The future of strategic planning depends on picking a worthy University president

At the same time as GW is emerging from a disruptive global pandemic, the institution also approaching a post-LeBlanc era. After incoming interim University President Mark Wrighton’s up-to-18-month tenure is complete, a new chief administrator will have the opportunity to move GW forward in a new strategic direction that will benefit the entire GW community.

But in the meantime, GW is adrift. As higher education emerges from the COVID-19 era, a rudderless GW risks being left behind. GW needs a long-term plan that will make the University a place where everyone can thrive and feel welcome. Even in the absence of a strategic plan for the institution, making good on pledges to bolster shared governance and involve the whole GW community in picking the new president will put the University in a strong position to succeed.

Officials periodically draft a strategic plan that is intended to set a unified direction for the University. From facilities to academics, every aspect of GW factors into strategic planning. Any long-term goals the University hopes to achieve are laid out in the plan, and changes large and small flow from it. Officials were working on a plan when the pandemic hit, placing it on hold as operations moved online.

Since then, there has been zero motion on a strategic plan. For a University that has experienced a crisis of confidence in its leadership over the past few years, this is somewhat concerning. The entire GW community has been crying out for a new direction – whether it’s shared governance, divestment or balancing GW’s focus on STEM versus the humanities.

GW needs a new strategic plan. But first, it needs a new president. Wrighton’s years of experience as a college chief administrator make him well-positioned to guide GW through the immediate post-pandemic and post-LeBlanc period. But his role is as a caretaker. His task is to come in and steer the University through some of the more acute problems it faces, like layoffs and returning to pre-pandemic operations. But deciding on a new direction for GW should be left to a permanent president whose tenure will last longer than 18 months and who is chosen through a full and open process.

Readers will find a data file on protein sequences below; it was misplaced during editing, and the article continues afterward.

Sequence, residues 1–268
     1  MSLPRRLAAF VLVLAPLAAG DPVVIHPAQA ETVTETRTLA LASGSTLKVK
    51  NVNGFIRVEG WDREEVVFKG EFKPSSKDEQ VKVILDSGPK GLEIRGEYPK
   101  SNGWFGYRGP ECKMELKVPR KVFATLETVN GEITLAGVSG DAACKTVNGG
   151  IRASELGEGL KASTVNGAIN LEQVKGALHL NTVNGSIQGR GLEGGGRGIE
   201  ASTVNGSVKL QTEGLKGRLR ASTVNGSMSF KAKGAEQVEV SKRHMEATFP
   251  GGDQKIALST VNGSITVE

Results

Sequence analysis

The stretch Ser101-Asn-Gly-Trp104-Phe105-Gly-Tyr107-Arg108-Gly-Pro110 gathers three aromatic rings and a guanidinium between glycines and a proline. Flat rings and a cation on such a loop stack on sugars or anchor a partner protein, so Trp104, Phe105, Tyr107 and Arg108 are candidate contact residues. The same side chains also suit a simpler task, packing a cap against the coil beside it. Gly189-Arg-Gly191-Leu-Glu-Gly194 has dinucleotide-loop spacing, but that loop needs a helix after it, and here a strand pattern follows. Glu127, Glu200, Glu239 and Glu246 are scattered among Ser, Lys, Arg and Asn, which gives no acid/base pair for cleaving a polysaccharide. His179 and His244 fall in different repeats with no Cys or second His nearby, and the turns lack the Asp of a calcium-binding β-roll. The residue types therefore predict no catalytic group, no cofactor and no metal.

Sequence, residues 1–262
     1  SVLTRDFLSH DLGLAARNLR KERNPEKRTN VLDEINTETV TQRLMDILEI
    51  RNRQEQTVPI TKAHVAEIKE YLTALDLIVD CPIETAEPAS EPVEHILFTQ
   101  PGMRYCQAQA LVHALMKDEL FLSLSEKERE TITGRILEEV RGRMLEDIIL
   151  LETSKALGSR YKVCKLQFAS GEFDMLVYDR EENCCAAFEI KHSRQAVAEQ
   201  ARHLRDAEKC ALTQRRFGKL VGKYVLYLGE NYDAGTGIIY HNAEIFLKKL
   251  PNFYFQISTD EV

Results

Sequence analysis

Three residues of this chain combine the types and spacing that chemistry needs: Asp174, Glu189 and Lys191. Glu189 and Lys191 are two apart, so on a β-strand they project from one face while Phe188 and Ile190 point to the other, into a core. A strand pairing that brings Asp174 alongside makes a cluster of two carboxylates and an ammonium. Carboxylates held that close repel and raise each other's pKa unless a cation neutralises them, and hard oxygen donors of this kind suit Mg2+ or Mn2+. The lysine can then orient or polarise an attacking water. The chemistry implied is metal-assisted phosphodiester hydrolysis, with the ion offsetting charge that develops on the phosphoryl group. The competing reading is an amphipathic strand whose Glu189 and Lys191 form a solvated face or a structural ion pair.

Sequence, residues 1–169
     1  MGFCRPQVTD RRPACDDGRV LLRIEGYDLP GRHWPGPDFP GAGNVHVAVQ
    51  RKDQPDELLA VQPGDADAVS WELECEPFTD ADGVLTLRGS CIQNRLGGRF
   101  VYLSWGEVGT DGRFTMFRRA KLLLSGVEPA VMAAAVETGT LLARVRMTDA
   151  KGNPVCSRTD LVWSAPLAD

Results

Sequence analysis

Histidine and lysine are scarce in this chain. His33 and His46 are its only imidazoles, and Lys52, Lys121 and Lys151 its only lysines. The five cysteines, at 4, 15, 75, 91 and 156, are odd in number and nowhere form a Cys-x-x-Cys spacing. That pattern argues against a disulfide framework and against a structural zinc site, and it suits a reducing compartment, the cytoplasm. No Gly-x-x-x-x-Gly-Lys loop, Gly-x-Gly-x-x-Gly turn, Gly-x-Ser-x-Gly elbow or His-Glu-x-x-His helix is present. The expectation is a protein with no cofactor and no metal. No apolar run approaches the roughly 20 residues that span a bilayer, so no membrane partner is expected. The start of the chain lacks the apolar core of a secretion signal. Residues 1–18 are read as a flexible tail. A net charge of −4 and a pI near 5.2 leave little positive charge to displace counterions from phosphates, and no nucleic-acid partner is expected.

In one of our previous staff editorials, we laid out several goals that Wrighton should prioritize to put the next University president and the GW community as a whole in the best position to prosper after his departure. Most importantly on that list of goals, the Board of Trustees must act on their promises of shared governance and inclusivity as they pick the next University president.

LeBlanc’s last full strategic planning effort included the 20/30 Plan, which would have increased undergraduate enrollment in STEM disciplines and decreased humanities enrollment. The plan was a severe miscalculation in more ways than one. Non-STEM faculty members raised concerns about funding cuts in their own departments, and the Faculty Senate declared that the plan violated established shared governance principles.

The 20/30 Plan was rendered obsolete in light of the pandemic. But if it had taken effect, the plan was projected to reduce diversity levels in the undergraduate population while also decreasing the University’s net revenue. Needless to say, the plan was ill-advised, unapproved by the GW community and would have harmed both the undergraduate students and the University itself. The plan was also informed by a larger administrative culture of disregarding the University’s academic culture and ignoring the wishes of students and faculty.

Clearly, the problem with the previous strategic plan stemmed from the administration that authored it. GW’s next permanent president should be chosen via a process that solicits and internalizes meaningful input from all corners of the University. It is much more likely that someone chosen by that kind of process and steeped in the values of shared governance and diversity will point the direction in the kind of strategic direction that will benefit the entire community.

In the meantime, the outgoing LeBlanc administration and incoming Wrighton administration can lay the foundation for their permanent successor to succeed. They should continue to look after GW’s humanities departments and ensure that the University is affordable and racially diverse. Trustees must begin to create this new culture of shared governance and inclusivity by incorporating the community into the search process for a new president.

The University has an opportunity to move in a more inclusive and unified direction in a way that benefits every member and every level of the community – from individual students to staff to professors. The first step on that journey is to get the presidential search process right. The strategic plan GW needs will follow naturally from there.

The editorial board consists of Hatchet staff members and operates separately from the newsroom. This week’s staff editorial was written by opinions editor Andrew Sugrue and contributing opinions editor Shreeya Aranake based on discussions with culture editor Anna Boone, contributing sports editor Nuria Diaz, design editor Grace Miller, copy editor Jaden DiMauro and assistant copy editor Karina Ochoa Berkley.

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